“Me, first?” Sprig glances at Dakota.

“Go ahead,” Dakota says. “You deserve it. This time,” she adds.

Sprig takes the phone into the other room. “Hi, Dad.”

“Sprig,” Dad says. “I'm so proud of you for your quick thinking.”

“Dads.” Sprig leans in to the phone. “I waited too long to call.”

“Sprig, you saved Miss Ruthie's life. It could have been a whole lot worse.”

“I guess so,” she says. “But what if there's
and it's my fault because I —”

“Sprig.” His voice deepens. “I want you to listen carefully. I want you to hear this, all the way from Kabul, Afghanistan, to Alliance, New York. You can't second-guess yourself. Sometimes we only get one chance, and then we live with what we choose to do or not do. What you did was a good thing, and we're all lucky — Miss Ruthie is very lucky! She's lucky that you were there. Do you hear what I'm saying?”

“Yes,” Sprig says after a moment. “I hear you, Dad.” And then she asks the question she always asks. “Are you coming home soon?”

And he gives the answer he always gives. “Soon as I can. Soon as my work is done.”

sparkle in every window of the sprawling Ezra-Evans house. Dakota is out of the car almost before Mom stops, but Sprig lingers. “Mom,” she says, “you know what I wish? I wish I'd stayed home. Bliss is going to be here at the party,” she explains.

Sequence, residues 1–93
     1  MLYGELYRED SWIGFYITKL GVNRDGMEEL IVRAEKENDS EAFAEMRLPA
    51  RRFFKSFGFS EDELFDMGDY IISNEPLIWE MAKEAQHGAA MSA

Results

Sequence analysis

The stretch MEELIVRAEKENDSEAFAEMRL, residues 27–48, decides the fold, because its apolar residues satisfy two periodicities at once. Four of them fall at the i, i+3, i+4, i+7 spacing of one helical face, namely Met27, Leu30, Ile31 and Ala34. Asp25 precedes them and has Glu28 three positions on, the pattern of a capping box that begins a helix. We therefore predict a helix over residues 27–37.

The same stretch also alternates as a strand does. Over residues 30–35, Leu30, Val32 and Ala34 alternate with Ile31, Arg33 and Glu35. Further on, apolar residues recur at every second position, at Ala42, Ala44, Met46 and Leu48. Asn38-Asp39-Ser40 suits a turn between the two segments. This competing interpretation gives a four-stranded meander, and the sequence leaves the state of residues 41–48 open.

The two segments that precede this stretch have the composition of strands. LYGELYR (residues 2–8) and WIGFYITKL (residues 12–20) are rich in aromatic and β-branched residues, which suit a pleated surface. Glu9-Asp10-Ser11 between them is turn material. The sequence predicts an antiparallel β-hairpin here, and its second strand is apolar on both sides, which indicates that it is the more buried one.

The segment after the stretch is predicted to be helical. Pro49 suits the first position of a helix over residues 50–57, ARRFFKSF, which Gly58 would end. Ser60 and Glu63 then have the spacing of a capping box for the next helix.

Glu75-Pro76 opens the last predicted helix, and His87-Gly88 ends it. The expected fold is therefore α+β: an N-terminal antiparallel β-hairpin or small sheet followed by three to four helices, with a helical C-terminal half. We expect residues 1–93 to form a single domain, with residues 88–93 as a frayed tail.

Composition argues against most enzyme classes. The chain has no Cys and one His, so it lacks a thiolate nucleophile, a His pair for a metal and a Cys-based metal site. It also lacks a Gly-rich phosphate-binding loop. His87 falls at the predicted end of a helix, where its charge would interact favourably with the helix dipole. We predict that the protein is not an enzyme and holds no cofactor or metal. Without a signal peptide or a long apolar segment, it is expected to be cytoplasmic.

“Well, honey, there's only one thing to do. Make up with her,” Mom says, as if there's nothing to it. “It's never as hard as you think. The longer you wait, the harder it'll be. I'll be here at ten to pick you both up,” she adds, as Sprig finally gets out of the car.

Russell's parents, two tall, smiling people, greet her at the door. Inside, Dakota has already taken off her boots and is putting on her black ballet slippers. She's wearing black tights and a new glitter tee shirt, and her hair is piled on top of her head. Spurts of music, talk, and laughter pour out of the living room.

Sprig hangs up her jacket in the jammed closet and kicks off her boots, then realizes she forgot to bring her sneakers. “Oh, no! Dakota, what should I do?”

Her sister looks at Sprig's dog-patterned socks and shrugs. “Doesn't matter. Your socks are cute.”

“Are you sure it's okay? It doesn't look too weird?”

“It's fine!” She gives Sprig a push toward the living room. “Lighten up, this is going to be fun. Do I look okay?” She fingers the tiny silver hoops in her ears.

Sprig nods. “You look —” She's about to say “beautiful,” but Dakota has spotted Krystee and run off.

The living room is huge, crowded, and hot. A pool table is set up in front of the two long windows, and in the group around it, Sprig sees Bliss and Russell, side-by-side. Big Russell in a white shirt and a red tie, and tiny Bliss in a red blouse and white skirt. What did they do, color-coordinate their clothes? A funny thought, only Sprig isn't laughing. It's Russell and Bliss who are laughing, who are having fun together. Who
together. Sprig's legs quiver, as if she's outside in the cold, cold air. She
outside. Out in the cold.